The impala doesn’t really stand much of a chance in the African savannah, writes Dan Brigham. Living a life constantly in fear of bigger beasts, they are hunted by lions, leopards, and cheetahs. Not much of a chance for the little guy, right?
Unfortunately, before we start to feel too sorry for them, the impala doesn’t help itself. Because, when it does manage to defy the odds and escape a mauling, the impala celebrates by… returning to the exact same spot it was attacked. Unfortunately for our impala, the lion knows this, so patiently waits for its lunch to stroll right back into view.
So, yes, you’ve guessed it, in this tortuous analogy the impala is Norwich City, and here we are, having walked right back to where we were in April 2017, when Stuart Webber arrived, took a look at the training ground, at the squad, and rightly – and famously – decided the club had pissed their Premier League money up the wall. So he set about doing the unlikely and plotted a way to survive among the big beasts. For a while, it worked, and it was wonderful, and we will never forget it.
Yet, six years on, Norwich City are furtively sloping back to the scene where they first got attacked. Sure, the place looks nicer, the facilities have been spruced up, and there are some absolutely cracking motivational quotes on the wall, but we’ve returned to where we were: also-rans in the Championship. Second-tier detritus. A tale of what-ifs and what-could-have-beens and are-you-kidding-mes.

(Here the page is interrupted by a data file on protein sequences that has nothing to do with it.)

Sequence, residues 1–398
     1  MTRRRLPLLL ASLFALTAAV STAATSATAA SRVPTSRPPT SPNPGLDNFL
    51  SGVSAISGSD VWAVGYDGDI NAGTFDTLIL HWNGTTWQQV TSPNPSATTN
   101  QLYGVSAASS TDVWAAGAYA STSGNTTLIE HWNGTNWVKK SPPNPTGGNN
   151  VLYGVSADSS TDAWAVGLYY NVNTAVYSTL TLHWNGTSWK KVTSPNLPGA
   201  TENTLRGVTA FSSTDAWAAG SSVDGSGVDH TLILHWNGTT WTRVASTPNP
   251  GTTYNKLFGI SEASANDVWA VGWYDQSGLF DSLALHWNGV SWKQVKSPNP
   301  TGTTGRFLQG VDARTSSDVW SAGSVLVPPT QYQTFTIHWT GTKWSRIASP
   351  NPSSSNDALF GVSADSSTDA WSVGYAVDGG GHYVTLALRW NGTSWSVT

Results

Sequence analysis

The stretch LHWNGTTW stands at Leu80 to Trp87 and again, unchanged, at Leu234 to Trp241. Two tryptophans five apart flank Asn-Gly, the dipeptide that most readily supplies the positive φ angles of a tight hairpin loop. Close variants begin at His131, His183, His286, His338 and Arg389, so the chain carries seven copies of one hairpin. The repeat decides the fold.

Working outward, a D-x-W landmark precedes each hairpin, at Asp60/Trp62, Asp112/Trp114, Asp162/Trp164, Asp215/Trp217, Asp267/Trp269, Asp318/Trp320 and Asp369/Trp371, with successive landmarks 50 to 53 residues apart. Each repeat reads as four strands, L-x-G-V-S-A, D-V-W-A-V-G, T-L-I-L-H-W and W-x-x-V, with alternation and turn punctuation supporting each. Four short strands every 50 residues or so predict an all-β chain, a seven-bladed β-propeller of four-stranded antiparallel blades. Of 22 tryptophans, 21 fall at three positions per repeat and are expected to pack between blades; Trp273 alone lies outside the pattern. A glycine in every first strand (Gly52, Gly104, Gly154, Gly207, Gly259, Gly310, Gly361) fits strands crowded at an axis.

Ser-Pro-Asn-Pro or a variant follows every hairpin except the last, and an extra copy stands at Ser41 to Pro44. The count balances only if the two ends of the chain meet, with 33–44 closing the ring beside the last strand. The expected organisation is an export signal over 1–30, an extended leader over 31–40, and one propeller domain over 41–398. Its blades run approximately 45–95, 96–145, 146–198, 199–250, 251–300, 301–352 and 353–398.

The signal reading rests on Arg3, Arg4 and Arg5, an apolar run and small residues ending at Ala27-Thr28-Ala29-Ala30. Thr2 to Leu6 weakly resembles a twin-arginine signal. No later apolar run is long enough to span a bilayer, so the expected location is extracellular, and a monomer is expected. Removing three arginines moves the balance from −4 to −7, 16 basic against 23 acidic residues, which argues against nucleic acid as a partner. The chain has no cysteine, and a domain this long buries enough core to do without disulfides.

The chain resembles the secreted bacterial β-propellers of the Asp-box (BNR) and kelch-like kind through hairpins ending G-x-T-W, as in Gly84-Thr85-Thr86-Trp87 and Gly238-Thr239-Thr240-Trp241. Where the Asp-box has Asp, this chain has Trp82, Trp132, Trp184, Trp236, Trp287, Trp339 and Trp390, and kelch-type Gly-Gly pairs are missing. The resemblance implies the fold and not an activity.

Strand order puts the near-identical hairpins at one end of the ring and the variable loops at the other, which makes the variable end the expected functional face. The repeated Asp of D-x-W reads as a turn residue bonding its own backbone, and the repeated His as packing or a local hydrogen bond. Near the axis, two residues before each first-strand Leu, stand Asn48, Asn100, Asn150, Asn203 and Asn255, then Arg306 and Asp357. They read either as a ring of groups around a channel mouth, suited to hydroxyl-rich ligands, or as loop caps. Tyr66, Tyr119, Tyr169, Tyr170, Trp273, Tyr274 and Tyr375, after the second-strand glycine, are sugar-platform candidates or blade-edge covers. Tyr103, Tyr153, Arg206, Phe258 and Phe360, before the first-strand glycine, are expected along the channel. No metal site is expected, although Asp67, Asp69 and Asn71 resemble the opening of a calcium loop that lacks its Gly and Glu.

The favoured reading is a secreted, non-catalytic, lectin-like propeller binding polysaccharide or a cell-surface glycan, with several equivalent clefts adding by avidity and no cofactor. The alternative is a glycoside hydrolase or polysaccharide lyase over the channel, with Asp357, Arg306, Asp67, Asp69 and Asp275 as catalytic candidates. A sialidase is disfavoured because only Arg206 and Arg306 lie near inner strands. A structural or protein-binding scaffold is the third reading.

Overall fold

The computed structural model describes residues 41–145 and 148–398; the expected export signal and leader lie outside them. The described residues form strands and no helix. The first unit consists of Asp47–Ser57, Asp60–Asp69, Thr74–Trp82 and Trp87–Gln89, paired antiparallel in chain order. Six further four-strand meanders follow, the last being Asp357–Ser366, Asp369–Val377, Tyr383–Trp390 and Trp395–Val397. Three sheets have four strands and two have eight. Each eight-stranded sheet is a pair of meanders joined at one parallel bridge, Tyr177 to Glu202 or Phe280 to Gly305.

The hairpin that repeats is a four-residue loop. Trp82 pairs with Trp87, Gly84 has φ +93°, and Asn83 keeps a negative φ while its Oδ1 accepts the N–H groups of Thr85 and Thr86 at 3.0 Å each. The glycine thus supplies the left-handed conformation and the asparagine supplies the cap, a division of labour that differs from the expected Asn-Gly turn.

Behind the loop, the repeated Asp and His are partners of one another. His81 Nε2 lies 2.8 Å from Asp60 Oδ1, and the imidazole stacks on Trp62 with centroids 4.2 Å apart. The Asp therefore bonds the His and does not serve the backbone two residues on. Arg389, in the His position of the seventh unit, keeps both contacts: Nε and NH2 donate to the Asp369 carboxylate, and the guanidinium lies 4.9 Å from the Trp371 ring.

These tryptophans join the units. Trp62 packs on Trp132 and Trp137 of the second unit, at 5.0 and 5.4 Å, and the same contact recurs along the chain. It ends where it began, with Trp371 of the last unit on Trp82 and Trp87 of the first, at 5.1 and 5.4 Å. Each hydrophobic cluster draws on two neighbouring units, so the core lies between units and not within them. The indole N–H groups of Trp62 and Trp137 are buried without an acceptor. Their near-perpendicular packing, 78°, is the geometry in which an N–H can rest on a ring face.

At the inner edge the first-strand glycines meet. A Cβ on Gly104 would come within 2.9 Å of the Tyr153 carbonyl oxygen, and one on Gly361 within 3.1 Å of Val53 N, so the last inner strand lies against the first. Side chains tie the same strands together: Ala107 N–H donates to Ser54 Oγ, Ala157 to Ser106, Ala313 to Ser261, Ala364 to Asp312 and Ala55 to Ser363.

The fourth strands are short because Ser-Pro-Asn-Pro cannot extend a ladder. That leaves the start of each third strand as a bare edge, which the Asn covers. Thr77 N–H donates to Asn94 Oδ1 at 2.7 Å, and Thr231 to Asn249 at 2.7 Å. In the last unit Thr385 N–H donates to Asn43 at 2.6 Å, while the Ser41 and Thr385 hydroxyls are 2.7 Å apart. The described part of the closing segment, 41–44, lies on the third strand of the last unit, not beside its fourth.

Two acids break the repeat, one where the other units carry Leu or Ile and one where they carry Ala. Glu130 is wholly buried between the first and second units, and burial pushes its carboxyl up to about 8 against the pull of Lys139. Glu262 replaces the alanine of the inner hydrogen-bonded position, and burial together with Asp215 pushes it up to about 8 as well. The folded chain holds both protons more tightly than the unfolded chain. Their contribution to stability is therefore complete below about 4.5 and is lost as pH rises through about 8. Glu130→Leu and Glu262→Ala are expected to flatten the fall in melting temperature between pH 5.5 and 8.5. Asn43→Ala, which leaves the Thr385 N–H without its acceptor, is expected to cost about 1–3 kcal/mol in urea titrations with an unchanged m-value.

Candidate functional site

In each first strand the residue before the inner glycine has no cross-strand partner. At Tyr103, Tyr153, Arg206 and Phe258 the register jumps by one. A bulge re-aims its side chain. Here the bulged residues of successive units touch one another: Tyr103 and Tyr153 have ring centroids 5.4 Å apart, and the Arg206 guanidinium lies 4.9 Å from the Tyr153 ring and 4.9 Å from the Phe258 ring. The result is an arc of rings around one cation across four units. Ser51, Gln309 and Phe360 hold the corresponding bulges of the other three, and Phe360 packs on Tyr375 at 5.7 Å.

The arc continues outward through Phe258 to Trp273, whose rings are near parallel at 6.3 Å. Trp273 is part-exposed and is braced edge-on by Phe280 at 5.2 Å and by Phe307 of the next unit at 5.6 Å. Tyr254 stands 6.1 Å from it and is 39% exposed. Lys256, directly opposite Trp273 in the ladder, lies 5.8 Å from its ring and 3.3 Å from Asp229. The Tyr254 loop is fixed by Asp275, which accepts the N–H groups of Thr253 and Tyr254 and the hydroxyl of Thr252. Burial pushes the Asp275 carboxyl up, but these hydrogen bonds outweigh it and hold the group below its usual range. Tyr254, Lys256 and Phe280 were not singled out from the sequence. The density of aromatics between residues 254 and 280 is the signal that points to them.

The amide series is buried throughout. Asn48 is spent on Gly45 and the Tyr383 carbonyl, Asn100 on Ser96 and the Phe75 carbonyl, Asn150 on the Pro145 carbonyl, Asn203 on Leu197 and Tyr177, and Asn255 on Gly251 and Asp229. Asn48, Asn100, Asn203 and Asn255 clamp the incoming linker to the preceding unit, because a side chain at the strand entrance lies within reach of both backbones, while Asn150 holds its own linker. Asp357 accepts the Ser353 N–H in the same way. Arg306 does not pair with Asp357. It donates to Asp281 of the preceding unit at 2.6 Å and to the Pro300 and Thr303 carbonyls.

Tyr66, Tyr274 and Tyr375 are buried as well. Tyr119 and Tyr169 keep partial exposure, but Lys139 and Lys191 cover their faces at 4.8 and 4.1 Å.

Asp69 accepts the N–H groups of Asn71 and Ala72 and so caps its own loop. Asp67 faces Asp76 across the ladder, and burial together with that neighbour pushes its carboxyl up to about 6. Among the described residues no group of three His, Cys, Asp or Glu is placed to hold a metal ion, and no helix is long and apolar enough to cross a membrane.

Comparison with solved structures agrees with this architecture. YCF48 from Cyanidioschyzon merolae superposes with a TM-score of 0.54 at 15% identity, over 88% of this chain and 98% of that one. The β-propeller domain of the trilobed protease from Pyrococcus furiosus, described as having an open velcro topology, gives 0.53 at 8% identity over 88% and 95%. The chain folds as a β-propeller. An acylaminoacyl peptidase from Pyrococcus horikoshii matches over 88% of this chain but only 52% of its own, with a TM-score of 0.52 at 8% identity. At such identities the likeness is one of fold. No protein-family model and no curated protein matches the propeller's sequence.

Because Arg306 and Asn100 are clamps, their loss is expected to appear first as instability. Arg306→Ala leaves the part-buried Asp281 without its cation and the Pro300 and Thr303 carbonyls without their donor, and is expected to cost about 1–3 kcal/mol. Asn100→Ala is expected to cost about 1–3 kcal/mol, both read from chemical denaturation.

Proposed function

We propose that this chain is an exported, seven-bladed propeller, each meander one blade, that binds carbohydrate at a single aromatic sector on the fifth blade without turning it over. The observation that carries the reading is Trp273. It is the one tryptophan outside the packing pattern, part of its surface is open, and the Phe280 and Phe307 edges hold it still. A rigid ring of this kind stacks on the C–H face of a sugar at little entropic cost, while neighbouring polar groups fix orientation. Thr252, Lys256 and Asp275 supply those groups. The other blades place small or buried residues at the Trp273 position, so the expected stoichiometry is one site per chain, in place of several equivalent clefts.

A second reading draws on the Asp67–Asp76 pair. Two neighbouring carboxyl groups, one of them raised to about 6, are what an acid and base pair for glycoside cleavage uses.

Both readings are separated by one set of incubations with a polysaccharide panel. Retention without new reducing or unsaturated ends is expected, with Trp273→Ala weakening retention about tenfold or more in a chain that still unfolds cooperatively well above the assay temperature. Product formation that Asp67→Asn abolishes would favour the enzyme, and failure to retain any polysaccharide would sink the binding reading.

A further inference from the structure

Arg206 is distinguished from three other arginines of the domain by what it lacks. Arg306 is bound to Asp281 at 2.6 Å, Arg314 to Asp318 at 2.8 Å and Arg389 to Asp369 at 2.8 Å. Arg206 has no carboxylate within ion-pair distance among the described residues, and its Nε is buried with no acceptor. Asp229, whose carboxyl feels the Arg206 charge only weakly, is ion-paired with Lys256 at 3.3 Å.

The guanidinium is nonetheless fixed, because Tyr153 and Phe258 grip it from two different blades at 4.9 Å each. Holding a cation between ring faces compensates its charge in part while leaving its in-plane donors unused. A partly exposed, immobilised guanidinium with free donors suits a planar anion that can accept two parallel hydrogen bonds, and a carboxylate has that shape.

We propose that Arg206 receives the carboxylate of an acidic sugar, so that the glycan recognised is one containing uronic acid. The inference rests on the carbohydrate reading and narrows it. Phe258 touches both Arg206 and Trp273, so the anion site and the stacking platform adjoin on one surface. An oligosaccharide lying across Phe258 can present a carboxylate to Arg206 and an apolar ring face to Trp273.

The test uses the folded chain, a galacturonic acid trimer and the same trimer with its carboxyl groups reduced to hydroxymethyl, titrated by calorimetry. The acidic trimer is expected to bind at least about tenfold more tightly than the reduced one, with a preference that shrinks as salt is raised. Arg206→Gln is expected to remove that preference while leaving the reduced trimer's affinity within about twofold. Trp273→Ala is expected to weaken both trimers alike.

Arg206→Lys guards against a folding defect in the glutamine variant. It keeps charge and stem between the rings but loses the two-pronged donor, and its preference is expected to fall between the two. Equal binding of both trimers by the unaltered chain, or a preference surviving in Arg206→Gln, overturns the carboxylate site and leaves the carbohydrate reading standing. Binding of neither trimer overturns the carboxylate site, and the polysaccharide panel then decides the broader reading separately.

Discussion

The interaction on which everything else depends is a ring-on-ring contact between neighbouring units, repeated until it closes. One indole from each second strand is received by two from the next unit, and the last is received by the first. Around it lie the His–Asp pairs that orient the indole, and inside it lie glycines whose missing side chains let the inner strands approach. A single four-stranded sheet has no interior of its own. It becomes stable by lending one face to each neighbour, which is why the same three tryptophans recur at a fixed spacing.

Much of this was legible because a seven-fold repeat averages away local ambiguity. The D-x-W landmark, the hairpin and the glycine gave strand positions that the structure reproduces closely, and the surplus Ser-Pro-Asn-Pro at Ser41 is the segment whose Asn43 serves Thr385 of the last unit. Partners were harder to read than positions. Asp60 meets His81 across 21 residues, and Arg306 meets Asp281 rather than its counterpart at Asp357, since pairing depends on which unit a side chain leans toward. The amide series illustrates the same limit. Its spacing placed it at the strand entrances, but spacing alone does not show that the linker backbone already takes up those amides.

It’s tough out there. Competing with the oil states, the billionaire Americans, the greedy agents; the constant thirst for success means a club of Norwich’s stature has to be smarter than smart to survive. It has to not repeat the mistakes of its past, it has to learn from its errors, it has to ensure there is accountability at the highest levels, it has to get far more decisions right than wrong. Only then will it be in the best possible position to take advantage of the luck it needs to survive – and potentially thrive – among the big beasts.
So where can Norwich be less impala, and act smarter?
The role of the sporting director is to oversee the continuity of philosophy across the whole footballing side of a club. This includes appointing the head coach, who should fit the playing squad, not the other way around. That is, of course, easier said than done, but it is what we were promised and with good reason: it allows first-team recruitment and the academy to be joined up in the type of player a club is looking for and producing, which allows medium-term and long-term strategic planning, rather than stumbling through short-term fixes.
This hasn’t happened, though. The first rule of Sporting Director Club has been broken.
Dean Smith is a very different coach to Daniel Farke, and David Wagner is a very different coach to Smith and Farke. This meant that Smith’s style suits a different profile of player to Farke, and Wagner’s style suits a different profile of player to Smith. Whoever ends up replacing Wagner is likely to find themselves in the same position because Wagner’s system requires a quite specific type of player to be a success.
The result? We’re stuck in an endless short-term loop.
We all know where first-team recruitment has gone right and where it’s gone wrong. For every Teemu Pukki, there’s a Ben Marshall hiding in the bushes. Currently, the misses outweigh the hits, and that must change this summer.